Table of Contents
Vol.5: The Virgin Birth and the Incarnation
THE UNIQUE RELATIONSHIP BETWEEN
Table of Contents
THE FIRST ADAM AND THE LAST ADAM
Chapter 1. The Body of
the First Adam and of the Last Adam
Chapter 2. The Character
of the First Adam and of the Last Adam
Chapter 3. Exploring Further
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1962: Doorway Paper No. 59, published privately by Arthur
1977: Part IX in The Viegin Birth and the Incarnation,
vol.5 in The Doorway Papers Series, Zondervan Publishing
1997: Arthur Custance Online Library (html)
2001: 2nd Online Edition (design revisions)
Open Thou mine eyes . . .
. . . that I may see!
The very idea
of the history of Adam and Eve in Paradise being an allegory,
as it has been expressed, "poetry, not history," is
in itself absurd and contradictory
to acknowledged facts. For it is acknowledged that the later
part of Genesis, and the subsequent books of the Scripture history,
are a narrative of real events, and of the lives and actions
of real men and women. But where, then, does the allegorical
part end, and the historical part begin?
If Adam and Eve were allegorical
personages, who were the parents of the real men and women whose
history follows afterwards?
Traditions of Eden
IF WE WANT to
find out what Adam was really like, we naturally think of turning
to the first few chapters of Genesis. But actually this tells
us very little, although what it does say is of vital importance.
But our real knowledge of Adam as he came from the hand of God
is not found in the Old Testament but in the New, for here in
the Person of the Lord Jesus Christ Adam is once more restored
to our view.
The current tendency today is to
assume an unbroken line from modern man with his high civilization,
to earlier more primitive types, and then back to the earliest
humans, proto-humans, and finally the supposed animal antecedents.
Adam as a historical person is entirely lost in the process.
But if we insist that this is quite wrong, and in our mind's
eye try to visualize what he was really like, we must ask what
materials we are going to use for this visualization. Although
we may be tempted to do so, since it seems the logical thing,
we are not justified in making the simple assumption that the
first man was essentially like ourselves, lacking only our level
of sophistication. It is not possible to account for man as he
now is with his immense capacity for wickedness by tracing him
back evolution-wise in this manner, because there is a kind of
evil in man's nature which sets him apart from all other creatures.
There is in fact a qualitative difference, not merely a quantitative
difference in his savagery. This tends to be either minimized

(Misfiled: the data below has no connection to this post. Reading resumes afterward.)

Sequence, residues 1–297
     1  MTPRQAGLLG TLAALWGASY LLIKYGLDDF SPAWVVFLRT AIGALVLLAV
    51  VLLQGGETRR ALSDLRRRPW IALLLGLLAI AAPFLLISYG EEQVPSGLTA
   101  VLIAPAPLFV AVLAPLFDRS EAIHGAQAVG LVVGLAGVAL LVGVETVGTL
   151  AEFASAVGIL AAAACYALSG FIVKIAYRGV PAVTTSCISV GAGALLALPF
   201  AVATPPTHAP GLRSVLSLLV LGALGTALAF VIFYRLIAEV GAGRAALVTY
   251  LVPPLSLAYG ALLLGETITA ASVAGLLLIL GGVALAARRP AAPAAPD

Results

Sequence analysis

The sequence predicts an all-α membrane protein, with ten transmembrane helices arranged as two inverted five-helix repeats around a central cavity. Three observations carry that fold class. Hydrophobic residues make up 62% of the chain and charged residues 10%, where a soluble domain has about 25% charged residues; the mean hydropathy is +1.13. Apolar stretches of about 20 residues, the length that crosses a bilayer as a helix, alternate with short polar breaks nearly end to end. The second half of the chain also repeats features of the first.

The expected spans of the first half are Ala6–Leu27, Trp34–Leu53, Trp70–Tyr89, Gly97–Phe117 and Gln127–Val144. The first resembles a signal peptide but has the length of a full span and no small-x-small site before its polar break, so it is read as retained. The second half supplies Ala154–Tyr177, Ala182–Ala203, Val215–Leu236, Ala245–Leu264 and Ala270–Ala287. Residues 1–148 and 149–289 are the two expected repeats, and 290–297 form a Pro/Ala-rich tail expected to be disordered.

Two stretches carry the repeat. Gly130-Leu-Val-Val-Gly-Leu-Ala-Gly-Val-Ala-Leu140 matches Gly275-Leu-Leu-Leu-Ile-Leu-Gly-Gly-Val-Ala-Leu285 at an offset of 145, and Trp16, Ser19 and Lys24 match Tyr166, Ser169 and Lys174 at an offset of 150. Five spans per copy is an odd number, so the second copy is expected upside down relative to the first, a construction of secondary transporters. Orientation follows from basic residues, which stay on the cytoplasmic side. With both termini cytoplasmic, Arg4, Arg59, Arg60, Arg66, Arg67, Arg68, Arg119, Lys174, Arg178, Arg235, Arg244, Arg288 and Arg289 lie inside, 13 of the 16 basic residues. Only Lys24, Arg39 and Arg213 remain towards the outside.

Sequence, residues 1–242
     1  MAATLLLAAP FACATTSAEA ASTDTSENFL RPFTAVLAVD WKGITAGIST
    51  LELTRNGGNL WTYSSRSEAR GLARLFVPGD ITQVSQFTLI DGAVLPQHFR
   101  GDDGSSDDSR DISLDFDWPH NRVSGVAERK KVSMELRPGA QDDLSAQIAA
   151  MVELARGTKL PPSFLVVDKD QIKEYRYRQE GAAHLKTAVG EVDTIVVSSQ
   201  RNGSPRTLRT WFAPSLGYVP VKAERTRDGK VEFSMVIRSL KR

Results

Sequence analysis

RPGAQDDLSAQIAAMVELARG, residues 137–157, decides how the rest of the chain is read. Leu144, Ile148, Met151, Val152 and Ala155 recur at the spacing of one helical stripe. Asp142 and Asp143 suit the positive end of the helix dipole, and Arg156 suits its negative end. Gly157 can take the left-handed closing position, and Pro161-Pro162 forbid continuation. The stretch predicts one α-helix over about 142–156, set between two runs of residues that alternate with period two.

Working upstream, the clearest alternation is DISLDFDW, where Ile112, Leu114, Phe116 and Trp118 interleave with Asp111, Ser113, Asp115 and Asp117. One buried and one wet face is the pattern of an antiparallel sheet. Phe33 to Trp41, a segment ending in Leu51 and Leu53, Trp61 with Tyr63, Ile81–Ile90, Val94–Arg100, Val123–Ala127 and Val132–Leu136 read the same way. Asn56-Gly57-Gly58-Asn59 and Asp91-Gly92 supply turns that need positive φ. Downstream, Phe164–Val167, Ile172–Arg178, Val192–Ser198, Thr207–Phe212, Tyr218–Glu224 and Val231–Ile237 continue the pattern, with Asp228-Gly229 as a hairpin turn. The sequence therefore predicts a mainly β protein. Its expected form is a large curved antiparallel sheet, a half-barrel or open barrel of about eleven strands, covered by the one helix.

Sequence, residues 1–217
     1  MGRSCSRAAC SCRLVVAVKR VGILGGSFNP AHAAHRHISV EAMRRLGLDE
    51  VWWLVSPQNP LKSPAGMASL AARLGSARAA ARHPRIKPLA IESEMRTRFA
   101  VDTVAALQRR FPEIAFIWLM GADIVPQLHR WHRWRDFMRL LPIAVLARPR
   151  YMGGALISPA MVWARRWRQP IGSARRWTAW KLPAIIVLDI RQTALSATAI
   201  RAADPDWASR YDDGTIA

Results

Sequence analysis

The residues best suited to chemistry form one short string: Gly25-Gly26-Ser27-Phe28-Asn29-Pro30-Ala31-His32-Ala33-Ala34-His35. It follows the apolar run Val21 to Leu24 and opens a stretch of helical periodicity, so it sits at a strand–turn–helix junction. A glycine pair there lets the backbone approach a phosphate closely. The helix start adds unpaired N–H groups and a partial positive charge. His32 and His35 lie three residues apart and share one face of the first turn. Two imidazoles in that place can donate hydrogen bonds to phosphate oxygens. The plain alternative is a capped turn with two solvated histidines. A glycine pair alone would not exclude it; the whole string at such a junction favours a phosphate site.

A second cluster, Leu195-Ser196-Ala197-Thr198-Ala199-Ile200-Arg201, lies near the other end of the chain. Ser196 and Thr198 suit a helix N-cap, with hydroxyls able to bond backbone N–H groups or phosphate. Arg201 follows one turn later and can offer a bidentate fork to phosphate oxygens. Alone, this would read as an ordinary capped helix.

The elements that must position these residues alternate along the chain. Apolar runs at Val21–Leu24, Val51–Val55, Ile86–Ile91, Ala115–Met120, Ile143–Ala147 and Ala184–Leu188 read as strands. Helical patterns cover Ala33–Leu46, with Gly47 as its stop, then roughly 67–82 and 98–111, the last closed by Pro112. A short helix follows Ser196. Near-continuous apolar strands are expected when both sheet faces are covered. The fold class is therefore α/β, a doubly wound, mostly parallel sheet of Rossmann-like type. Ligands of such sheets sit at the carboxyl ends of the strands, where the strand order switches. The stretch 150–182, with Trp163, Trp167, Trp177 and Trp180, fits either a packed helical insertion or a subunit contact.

unjustifiably or else ignored altogether by those who write about
the evolution of Homo sapiens. The savagery of the most
ferocious animals is in a completely different category from
the potential savagery of the most civilized people. There is
a hiatus, then, between man and the animals in this respect,
and one may well ask whether it is possible to build a bridge
between them. To my mind
the answer is unquestionably, No.
Copyright © 1988 Evelyn White. All rights
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While man as a fallen creature
cannot therefore be satisfactorily accounted for by an
appeal to evolution, neither is it possible by such means to
account for unfallen man. But where is unfallen man that we need
to account for him? He is to be found in the Person of the Lord
Jesus Christ, who was truly man, yet with an unutterable beauty
of personality which is as impossible to account for by
evolution as man's awful wickedness. There is nothing in nature
to explain these extremes of character, both of which are nevertheless
true expressions of human nature. Human behaviour as seen
in you and me on the one hand, and human behaviour as seen in
the Lord Jesus Christ on the other hand, are somehow rooted elsewhere
than in the animal kingdom. Although these two are therefore
clearly unrelated to the animals, are they even related in any
real sense to one another? Is this perfect man one of us at all?
Or to repeat a previous question in a new context, Is it possible
to build a bridge between such a One and ourselves? This time
the answer is unquestionably, Yes! The bridge is Adam. For there
exists a unique relationship between these three: the First Adam,
the Last Adam, and ourselves. In the person of the Last Adam
the First Adam was recovered in history and presented to our
view so that we might see what man really is, and therefore,
by contrast, how far we ourselves have fallen from manhood.
Moreover, this re-presentation of man involved something
more than merely the spiritual aspect of the potential of our
being, it extended even to the physical aspect of our being,
for both have suffered in the Fall.
The subject of the first section
of this Paper deals with physical matters, Adam's body and the
body of the Lord, the relationship of which is fundamental to
the method by which God has made redemption possible for man,
through vicarious sacrifice. The subject of the second section
is Adam's character in relation to that of the Lord, which in
this case is fundamental to the process whereby a sinful human
nature, after redemption, may be displaced by a nature which
is perfect in the sight of God.
In the first section are matters
which touch, at a basic level, on the important question of whether
man could possibly have been evolved. The second touches, at
an equally basic level, upon the question -- raised with increasing
persistence in recent years � of whether Christianity is
not perhaps, after all, a religion for the White Man only and
not well suited to other racial groups.